Angélique in her office
Angélique Robin is the designer behind Antagoniste, a collection of twill silk scarves in soft colors that invoke watercolor paintings. Each scarf is printed with dark designs: skulls, moths, and machines make frequent appearances on Antagoniste scarves. Angélique’s beautiful designs may have a sinister edge, but she is happily living her dream in Paris, creating striking scarves for women and men like her – people who find beauty in unexpected places. She cites antique engravings as her inspiration, and is particularly drawn to the 18th and 19th Centuries. We talk to Angélique to find out what drives her, why she compares herself to a hedgehog, and where we can find her in her beloved Paris.
Hello Angélique – can you please tell us a little more about yourself?
I studied art before working as a web designer for a garment brand and falling in love with fashion. Then I fulfilled my dream of coming to Paris. This town fascinated me for a long time, and now it’s inspiring me. I like everything to do with creation. I’ve liked putting things together since I was a child: creating things, painting, and drawing. My boyfriend helps me with Antagoniste.
When did you know you wanted to become a scarf designer?
When I got into fashion school, I began working with fabrics. Naturally, I went to silk, which became my fabric of choice. I drew, sewed, and painted on it. In parallel, I continued to draw on the computer. Then I was hired by a fashion company to create patterns for t-shirts. That’s when I began to draw with old engravings. Then I created “Birth“, the violet scarf. As a lover of scarves, I thought that I’d love to have it around my neck… Antagoniste was born!
What brought the use of old engravings into your designs? What do you find so interesting about the 18th Century?
When I was a child, old engravings I found at my grandparents’ place enthralled me. They had old dictionaries and history books I could read for hours. They also had stuffed animals I was captivated by. This love of curio cabinets and old things never left me. I love history too: for me, all those things are connected. The 18th and 19th Centuries are two riveting centuries in Europe. Fashion, the way of living, philosophy, literature, art, and even political affairs were rich and fascinating.
How does the duality in your design express itself in your life?
I can find beauty in things that can disgust people, to my mother’s great displeasure! Duality is also in my nature. I am like a hedgehog: protective on the outside and sweet inside.
What types of materials do you use and why?
I use twill silk, the classic fabric used by famous brands for scarves. The visual quality, softness, and shine are amazing. It’s also very classical, and I love the contrast that it gives with my designs.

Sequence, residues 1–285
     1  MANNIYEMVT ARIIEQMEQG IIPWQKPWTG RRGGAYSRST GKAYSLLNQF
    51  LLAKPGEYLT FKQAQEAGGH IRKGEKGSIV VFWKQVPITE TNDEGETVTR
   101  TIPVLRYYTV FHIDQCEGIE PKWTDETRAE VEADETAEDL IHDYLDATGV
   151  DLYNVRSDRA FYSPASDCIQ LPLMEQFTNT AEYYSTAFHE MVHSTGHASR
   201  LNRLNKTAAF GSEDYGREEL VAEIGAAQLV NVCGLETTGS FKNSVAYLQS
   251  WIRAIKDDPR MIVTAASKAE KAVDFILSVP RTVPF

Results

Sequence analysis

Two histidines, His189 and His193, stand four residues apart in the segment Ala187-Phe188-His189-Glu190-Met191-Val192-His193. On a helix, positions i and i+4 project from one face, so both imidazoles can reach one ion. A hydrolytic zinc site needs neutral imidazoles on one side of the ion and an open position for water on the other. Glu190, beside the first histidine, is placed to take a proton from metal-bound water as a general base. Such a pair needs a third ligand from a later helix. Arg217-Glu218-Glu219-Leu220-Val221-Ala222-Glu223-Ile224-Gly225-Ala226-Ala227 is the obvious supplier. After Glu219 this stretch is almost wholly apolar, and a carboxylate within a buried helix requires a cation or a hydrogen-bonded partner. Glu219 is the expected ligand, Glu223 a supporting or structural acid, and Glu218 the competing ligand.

What were the challenges in setting up your brand and how did you overcome them?
I had to convince the banks to take a chance on me, because I did not have much money. When I met my banker, she loved my drawings and she believed in me immediately! The biggest challenge was to discover and learn all the financial, marketing and management things I had ignored till that moment. Finding someone in France that could print numerically on silk with high quality was also difficult. I tried three suppliers before I found the perfect one.
Close-up Octopus Trap Scarf
Can you please tell us about the design process of your scarves?
I start by searching for old engravings in books and on the Internet. Then I try to find stories, inspired by pictures, art, and literature. I choose my color range. I sketch each scarf, and write about it, to make sure I follow the idea I have in my mind. Then there is computer work for colors and engravings, the mix and harmonization.
Who is the Antagoniste woman? And who is the Antagoniste man?
Antagoniste people like to reinvent themselves and twist their style with details that make all the difference. They can be classic people, or rock ‘n’ roll people who wear these classical scarves to create contrast in their looks. An Antagoniste person can be a young lady or an older dandy.
Are you more poetic or rock ‘n’ roll?
I’m a good mix between both!
What parts of Paris do you prefer spending time in and why?
It sounds like a cliché, but I love wandering in Montmartre, sitting at a table outside a café, having a drink of wine… Montmartre is so calm; it’s like a village outside the city. I also love the Shakespeare & Company library (in the Saint-Michel area), with its comfy chairs and very old English books.
12 Monkeys Nightmare, Pocket Squared
What are your favorite shops in Paris?
The Etienne Marcel district is full of creators and little fashion shops. I love La Cour, and I’m glad that Antagoniste is sold there! In the area, you can also find famous brands. A lot of press offices and creative fashion offices are there, too – there is a big fashion emulsion in this district!
Birth, Scarf for men
What is your favorite place to eat in Paris?
My favorite place is an old-fashioned brasserie in Montmartre. It’s called Autour du Moulin, and it’s just under the famous Moulin de la Galette. There are Toulouse-Lautrec paintings on the walls, and it makes you feel like you are at the beginning of the 20th Century. It’s a simple and relaxing place to meet friends and eat French food.
See more by Antagoniste.